iv

Cited Authorities
Page
Jazz Photo Corp. v. Int’l Trade Comm’n,
264 F.3d 1094 (Fed. Cir. 2001) . . . . . . . . . . . . . . 13

Keeler v. Standard Folding-Bed Co.,


157 U.S. 659 (1895) . . . . . . . . . . . . . . . . . . . . . . . 9

Kendall Co. v. Progressive Med. Tech.,


85 F.3d 1570 (Fed. Cir. 1996) . . . . . . . . . . . . 11, 13, 19

Lexmark Int’l Inc.


v. Static Control Components, Inc.,
387 F.3d 522 (6th Cir. 2004) . . . . . . . . . . . . . . . . 17

Mallinckrodt Inc. v. Medipart Inc.,


976 F.2d 700 (Fed. Cir. 1992) . . . . . . . . . . . . . passim

Motion Picture Patents Co.


v. Universal Film Mfg. Co.,
243 U.S. 502 (1917) . . . . . . . . . . . . . . . . . . . . . 9, 17, 25

Nobelpharma AB v. Implant Innovations Inc.,


141 F.3d 1059 (Fed. Cir. 1998) . . . . . . . . . . . . . . 22

Sage Prods. Inc. v. Devon Indus. Inc.,


45 F.3d 1575 (Fed. Cir. 1995) . . . . . . . . . . . . . . . 19

Simpson v. Union Oil Co.,


377 U.S. 13 (1964) . . . . . . . . . . . . . . . . . . . . . . . . 21

Square D Co. v. Niagara Frontier Tariff Bureau,


476 U.S. 409 (1986) . . . . . . . . . . . . . . . . . . . . . . . 21
v

Cited Authorities
Page
Static Control Components, Inc.
v. Lexmark Int’l, Inc.,
487 F.Supp.2d 830 (E.D. Ky. 2007) . . . . 17, 18, 20, 25

Surfco Hawaii v. Fin Control Sys. Pty. Ltd.,


264 F.3d 1062 (Fed. Cir. 2001), cert. denied,
536 U.S. 939 (2002) . . . . . . . . . . . . . . . . . . . . . . . 13

United States v. General Electric,


272 U.S. 476 (1942) . . . . . . . . . . . . . . . . . . . . . . . 23

United States v. Masonite Corp.,


316 U.S. 265 (1942) . . . . . . . . . . . . . . . . . . . . . . . 21

United States v. Univis Lens Co.,


316 U.S. 241 (1942) . . . . . . . . . . . . . . . . . . . . . passim

United States v. Westinghouse Elec. Corp.,


648 F.2d 642 (9th Cir. 1981) . . . . . . . . . . . . . . . . . 21

Virginia Panel Corp. v. MAC Panel Co.,


133 F.3d 860 (Fed. Cir. 1997) . . . . . . . . . . . . . . . 22

Walker Process Equipment Inc.


v. Food Machinery & Chemical Corp.,
382 U.S. 172 (1965) . . . . . . . . . . . . . . . . . . . . . . . 22

Wilbur-Ellis Co. v. Kuther,


377 U.S. 422 (1964) . . . . . . . . . . . . . . . . . . . . . . . 14

Wilson v. Simpson,
50 U.S. 109 (1850) . . . . . . . . . . . . . . . . . . . . . . . . 12
vi

Cited Authorities
Page
Statutes

35 U.S.C. § 154 . . . . . . . . . . . . . . . . . . . . . . . . . . . . . 14

Other Authorities

United States Census Bureau,


2005 Service Annual Survey . . . . . . . . . . . . . . . 2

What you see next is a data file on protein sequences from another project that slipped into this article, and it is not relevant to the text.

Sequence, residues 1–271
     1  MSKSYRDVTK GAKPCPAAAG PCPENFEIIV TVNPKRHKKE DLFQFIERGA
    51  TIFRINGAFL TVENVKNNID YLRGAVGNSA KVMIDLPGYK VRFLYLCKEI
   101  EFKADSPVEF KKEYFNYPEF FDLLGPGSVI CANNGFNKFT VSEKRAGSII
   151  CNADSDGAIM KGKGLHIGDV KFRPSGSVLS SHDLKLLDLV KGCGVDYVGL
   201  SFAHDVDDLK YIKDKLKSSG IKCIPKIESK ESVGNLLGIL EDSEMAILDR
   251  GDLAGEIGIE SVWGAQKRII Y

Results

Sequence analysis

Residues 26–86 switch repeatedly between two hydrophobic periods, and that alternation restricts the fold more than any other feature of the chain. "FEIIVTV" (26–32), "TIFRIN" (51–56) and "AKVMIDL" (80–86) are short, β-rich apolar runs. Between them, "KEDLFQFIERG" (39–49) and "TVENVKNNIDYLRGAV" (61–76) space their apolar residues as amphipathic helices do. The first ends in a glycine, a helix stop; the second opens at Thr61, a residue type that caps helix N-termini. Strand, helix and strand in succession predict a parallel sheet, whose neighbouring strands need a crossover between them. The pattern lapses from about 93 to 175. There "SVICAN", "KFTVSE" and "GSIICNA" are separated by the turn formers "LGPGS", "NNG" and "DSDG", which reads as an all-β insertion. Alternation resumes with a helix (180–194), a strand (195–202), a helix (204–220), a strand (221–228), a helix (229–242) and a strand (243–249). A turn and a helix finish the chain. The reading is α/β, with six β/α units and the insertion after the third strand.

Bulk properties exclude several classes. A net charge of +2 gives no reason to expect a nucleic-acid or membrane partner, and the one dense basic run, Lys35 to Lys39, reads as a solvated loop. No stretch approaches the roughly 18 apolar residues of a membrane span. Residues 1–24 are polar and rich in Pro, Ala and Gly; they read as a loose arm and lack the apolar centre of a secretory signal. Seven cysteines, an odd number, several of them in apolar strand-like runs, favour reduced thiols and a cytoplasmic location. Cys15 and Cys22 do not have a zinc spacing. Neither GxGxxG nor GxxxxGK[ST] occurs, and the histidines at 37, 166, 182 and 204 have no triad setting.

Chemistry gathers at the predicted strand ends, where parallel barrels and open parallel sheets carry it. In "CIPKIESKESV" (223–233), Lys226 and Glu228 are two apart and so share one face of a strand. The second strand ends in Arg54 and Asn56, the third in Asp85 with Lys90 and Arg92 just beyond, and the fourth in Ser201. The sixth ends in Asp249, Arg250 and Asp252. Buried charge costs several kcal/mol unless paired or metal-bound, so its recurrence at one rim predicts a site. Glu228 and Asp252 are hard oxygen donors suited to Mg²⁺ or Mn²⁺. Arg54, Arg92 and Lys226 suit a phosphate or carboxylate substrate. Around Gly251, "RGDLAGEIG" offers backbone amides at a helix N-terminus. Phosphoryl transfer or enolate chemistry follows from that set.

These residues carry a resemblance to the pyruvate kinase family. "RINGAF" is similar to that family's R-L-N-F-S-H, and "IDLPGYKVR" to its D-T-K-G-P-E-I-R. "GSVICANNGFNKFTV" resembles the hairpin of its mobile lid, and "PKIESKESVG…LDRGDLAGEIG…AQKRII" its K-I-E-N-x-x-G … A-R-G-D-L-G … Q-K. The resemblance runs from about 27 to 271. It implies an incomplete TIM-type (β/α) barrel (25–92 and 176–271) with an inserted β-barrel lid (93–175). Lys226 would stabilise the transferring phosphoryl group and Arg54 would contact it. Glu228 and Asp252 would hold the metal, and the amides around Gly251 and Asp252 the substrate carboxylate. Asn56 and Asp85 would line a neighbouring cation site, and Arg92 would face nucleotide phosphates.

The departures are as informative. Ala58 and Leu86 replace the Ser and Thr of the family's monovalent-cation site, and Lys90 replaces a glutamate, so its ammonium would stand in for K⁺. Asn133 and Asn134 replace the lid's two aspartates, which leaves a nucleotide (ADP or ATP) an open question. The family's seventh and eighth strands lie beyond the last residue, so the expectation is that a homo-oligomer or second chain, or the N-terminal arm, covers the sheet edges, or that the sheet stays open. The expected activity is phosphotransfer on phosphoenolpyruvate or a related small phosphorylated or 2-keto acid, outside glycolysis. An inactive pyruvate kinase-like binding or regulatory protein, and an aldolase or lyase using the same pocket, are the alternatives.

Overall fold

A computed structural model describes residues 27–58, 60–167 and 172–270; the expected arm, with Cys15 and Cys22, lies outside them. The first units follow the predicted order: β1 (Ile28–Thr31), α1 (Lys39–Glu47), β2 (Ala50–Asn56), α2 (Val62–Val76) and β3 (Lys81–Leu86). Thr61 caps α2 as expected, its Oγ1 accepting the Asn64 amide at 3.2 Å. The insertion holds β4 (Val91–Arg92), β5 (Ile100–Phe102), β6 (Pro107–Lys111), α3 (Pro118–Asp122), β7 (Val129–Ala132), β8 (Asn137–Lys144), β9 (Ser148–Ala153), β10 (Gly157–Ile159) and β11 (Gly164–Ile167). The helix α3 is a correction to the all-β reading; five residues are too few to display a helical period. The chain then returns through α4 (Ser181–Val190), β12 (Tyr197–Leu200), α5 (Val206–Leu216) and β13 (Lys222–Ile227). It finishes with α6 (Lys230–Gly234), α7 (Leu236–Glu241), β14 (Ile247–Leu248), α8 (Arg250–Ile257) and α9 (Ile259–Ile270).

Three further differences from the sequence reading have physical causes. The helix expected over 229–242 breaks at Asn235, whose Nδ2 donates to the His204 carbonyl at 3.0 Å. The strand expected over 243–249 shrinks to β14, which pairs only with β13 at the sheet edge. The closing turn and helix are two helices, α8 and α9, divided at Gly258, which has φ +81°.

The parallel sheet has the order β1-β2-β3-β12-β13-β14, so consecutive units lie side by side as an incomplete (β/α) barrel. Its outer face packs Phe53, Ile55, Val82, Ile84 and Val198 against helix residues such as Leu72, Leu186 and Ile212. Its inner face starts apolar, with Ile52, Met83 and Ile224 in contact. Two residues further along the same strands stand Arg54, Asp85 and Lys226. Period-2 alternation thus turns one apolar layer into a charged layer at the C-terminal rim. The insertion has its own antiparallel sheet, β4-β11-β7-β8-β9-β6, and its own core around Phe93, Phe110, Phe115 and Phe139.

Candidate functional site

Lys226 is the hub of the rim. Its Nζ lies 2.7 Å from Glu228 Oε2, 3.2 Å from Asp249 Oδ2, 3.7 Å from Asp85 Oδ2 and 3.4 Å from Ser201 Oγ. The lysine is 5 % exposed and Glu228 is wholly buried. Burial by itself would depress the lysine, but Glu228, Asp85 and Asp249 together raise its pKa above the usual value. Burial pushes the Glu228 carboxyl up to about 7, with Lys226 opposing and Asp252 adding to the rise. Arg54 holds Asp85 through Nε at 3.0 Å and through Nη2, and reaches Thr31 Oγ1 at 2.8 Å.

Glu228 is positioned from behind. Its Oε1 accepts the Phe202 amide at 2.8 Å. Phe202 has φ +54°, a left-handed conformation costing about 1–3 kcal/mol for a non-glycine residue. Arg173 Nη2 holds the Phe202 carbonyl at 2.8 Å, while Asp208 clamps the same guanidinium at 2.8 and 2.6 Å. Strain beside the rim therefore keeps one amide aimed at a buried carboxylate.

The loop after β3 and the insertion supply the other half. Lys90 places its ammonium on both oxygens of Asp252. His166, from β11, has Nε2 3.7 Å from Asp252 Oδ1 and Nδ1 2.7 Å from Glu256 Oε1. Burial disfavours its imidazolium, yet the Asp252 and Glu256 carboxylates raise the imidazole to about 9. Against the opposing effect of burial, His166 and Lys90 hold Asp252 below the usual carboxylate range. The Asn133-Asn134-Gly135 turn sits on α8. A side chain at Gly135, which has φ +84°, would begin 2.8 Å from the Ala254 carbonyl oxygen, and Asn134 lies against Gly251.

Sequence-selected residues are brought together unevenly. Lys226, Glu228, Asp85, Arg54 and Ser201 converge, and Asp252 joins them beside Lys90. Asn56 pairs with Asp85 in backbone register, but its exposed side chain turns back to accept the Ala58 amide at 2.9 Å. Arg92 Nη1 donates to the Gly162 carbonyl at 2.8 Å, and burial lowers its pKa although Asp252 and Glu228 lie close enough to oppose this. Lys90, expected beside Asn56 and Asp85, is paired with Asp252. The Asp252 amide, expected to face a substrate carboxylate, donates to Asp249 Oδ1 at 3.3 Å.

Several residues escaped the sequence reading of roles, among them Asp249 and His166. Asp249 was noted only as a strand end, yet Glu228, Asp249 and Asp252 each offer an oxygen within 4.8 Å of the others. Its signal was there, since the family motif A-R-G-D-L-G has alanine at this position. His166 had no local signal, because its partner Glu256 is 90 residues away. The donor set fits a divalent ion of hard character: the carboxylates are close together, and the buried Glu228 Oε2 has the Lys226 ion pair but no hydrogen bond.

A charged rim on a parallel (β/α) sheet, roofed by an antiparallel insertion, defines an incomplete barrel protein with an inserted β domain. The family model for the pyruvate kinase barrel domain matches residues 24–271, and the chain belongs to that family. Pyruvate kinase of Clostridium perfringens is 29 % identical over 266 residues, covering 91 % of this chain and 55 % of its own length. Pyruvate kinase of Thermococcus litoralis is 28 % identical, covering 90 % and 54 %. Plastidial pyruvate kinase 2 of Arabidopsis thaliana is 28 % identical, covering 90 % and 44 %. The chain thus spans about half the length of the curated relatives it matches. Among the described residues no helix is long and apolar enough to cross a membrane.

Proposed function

1

STATEMENT OF INTEREST 1

Amici are not-for-profit associations of companies


that compete against original equipment manufacturers
(“OEMs”) for sale of replacement parts and consumable
goods and provision of repair services.

Automotive Engine Rebuilders Association


represents garages, machine shops, and other
generally small businesses that rebuild motor
vehicle engines for automobiles, trucks, buses,
construction and farming equipment, and smaller
boats.

Automotive Parts Remanufacturers Association


represents companies that rebuild automotive and
truck related “hard” parts for passenger cars,
heavy duty vehicles such as trucks, buses, off-road
vehicles, and marine, industrial, and construction
equipment.

International Imaging Technology Council


(“I-ITC”) represents the interests of the imaging
supplies industry, including office-machine retail
and repair, office-supply retail, computer retail,
repair and networking companies, and all related
industry suppliers.

1. The parties have consented to the filing of this brief. No


counsel for a party authored this brief in whole or in part, and
no counsel or party made a monetary contribution intended to
fund the preparation or submission of this brief. No person other
than amicus curiae, its members, or its counsel made a monetary
contribution to its preparation or submission.
2

Products such as automobiles and computer printers


contain removable and consumable parts that can be
repaired or refurbished many times. By procuring parts
and repair services, consumers extend the useful life of
these products and enhance the value of their initial
investments. Members of the amici satisfy this consumer
demand by providing alternative sources of consumable
goods, replacement parts, and services at lower cost and